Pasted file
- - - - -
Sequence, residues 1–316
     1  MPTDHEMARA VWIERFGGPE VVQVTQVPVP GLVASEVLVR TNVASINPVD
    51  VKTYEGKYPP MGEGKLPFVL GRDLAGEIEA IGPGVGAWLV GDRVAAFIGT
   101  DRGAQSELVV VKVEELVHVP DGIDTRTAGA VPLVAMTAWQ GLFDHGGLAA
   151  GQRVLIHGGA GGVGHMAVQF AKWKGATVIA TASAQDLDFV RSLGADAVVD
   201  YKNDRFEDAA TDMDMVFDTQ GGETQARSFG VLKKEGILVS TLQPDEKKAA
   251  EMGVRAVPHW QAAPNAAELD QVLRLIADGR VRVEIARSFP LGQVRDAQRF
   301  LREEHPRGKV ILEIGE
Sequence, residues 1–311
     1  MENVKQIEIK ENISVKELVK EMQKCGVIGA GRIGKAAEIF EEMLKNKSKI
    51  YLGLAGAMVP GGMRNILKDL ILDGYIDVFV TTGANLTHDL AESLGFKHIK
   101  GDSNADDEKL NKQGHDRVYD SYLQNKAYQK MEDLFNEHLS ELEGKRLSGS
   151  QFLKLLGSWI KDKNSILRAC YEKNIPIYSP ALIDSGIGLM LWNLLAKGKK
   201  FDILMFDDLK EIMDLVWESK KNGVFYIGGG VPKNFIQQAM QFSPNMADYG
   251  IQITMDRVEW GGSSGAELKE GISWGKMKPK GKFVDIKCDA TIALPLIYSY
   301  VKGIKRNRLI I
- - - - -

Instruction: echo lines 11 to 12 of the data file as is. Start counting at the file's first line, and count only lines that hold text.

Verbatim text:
    51  YLGLAGAMVP GGMRNILKDL ILDGYIDVFV TTGANLTHDL AESLGFKHIK
   101  GDSNADDEKL NKQGHDRVYD SYLQNKAYQK MEDLFNEHLS ELEGKRLSGS